Two courageous people who made that society-changing decision to fight for their beliefs come to mind for me: Candy Lightner*, the mother who “stood up against drunk driving” and Lilly Ledbetter**, the former Goodyear employee who fought for equal pay for women. There are several others.
But, the point is that by taking a stand, you, too, can change society for the better.
The Board of Governors of the Henry Ford Medical Group (HFMG) has recently made its position clear for a “gun safety advocacy initiative which will focus on producing real change”. They are actively asking their elected government officials “to take immediate steps to promote gun safety”.
The HFMG Docs are dedicated to patient safety and have declared: “As physicians in metro Detroit, members of the Henry Ford Medical Group (HFMG) are no strangers to this American calamity. We live with this every day and recognize gun violence as a public health crisis that demands attention and action now.”
“There is nothing political about limiting the access of children and the mentally ill to firearms. There is no disagreement that we must improve the availability and quality of mental health services for both children and adults to prevent gun violence.”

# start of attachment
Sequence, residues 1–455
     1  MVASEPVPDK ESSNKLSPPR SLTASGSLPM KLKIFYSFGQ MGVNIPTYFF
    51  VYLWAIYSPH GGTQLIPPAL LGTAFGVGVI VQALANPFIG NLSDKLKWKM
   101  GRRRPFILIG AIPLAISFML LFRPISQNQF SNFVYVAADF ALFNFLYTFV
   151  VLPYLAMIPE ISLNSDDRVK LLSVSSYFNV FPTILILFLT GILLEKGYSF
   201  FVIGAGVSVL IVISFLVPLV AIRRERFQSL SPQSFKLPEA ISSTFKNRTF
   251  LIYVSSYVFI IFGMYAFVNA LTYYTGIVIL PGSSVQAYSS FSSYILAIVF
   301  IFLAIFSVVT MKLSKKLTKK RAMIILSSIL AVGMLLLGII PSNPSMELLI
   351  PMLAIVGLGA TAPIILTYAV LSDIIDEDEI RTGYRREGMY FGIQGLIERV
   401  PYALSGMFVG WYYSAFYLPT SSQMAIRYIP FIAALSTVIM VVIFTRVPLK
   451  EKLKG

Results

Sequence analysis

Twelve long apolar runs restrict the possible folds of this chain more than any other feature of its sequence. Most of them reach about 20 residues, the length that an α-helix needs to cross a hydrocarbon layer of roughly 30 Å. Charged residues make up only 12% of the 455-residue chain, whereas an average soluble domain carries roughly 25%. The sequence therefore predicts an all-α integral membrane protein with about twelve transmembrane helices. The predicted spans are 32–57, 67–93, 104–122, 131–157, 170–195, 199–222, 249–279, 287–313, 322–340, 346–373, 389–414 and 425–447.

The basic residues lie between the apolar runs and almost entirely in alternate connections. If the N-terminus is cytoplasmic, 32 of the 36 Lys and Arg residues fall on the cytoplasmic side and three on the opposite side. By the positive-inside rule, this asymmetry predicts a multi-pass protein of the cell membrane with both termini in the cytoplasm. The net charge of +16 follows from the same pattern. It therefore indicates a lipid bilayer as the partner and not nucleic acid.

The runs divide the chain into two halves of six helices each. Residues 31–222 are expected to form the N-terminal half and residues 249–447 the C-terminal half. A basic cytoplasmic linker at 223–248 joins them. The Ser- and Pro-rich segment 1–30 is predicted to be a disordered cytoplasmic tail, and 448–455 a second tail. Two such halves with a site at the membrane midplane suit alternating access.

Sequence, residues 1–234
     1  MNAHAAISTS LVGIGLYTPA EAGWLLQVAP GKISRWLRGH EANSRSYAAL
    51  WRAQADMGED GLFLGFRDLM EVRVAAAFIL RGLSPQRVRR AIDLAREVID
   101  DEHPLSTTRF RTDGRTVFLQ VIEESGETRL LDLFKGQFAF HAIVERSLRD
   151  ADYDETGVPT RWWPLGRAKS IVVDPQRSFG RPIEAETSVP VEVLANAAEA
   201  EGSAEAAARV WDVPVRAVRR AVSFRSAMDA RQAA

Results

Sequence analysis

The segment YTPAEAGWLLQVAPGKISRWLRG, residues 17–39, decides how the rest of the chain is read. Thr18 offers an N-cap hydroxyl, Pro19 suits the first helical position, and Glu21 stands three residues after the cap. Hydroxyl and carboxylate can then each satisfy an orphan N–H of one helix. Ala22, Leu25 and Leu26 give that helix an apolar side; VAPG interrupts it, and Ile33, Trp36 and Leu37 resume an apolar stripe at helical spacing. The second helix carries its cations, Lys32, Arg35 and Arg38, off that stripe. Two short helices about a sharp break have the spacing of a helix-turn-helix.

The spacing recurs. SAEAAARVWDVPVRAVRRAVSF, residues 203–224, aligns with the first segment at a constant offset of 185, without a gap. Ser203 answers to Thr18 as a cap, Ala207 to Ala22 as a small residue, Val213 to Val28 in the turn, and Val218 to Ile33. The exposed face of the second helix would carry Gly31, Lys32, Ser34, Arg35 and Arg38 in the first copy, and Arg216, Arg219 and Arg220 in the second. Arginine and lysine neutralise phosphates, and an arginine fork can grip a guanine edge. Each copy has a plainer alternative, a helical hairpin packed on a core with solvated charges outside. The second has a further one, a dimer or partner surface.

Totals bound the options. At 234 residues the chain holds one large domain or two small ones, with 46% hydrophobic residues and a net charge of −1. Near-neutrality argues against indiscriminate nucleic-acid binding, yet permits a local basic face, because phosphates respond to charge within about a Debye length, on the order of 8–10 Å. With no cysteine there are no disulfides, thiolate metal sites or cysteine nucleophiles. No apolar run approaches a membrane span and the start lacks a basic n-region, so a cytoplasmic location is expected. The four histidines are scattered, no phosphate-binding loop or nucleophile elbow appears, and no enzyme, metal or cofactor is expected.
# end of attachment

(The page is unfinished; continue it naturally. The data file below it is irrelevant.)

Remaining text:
“We are not afraid to speak out on this urgent public health crisis. We believe that strong gun safety laws are needed now. We also strongly believe that the congressional ban on gun violence research by our CDC be struck down. If gun-related deaths were subject to the same type of rigorous epidemiologic scrutiny as any other public health crisis, public perceptions would change overnight.”
For their stand for gun safety, the HFMG physicians are heroes.
*Candy Lightner: Stood Up Against Drunk Driving
"After her 13-year-old daughter was killed by a repeat DWI offender, Candy Lightner founded Mothers Against Drunk Driving (MADD) in her home on March 7, 1980. Before MADD, there were little to no legal consequences for driving while intoxicated; her organization transformed American attitudes about drunk driving and successfully fought for stricter laws across the country."
**Lilly Ledbetter: Fought for Equal Pay
"Upon retiring from Goodyear after nearly 20 years, Lilly Ledbetter sued the company in 1998 for paying her less over the years than her male coworkers. The lawsuit climbed the judicial ladder until it reached the Supreme Court. Although they did not rule in her favor, Justice Ruth Bader Ginsberg wrote a stirring dissent. Congress subsequently passed the Lilly Ledbetter Fair Pay Act in 2009, changing federal law to better protect women in the workplace."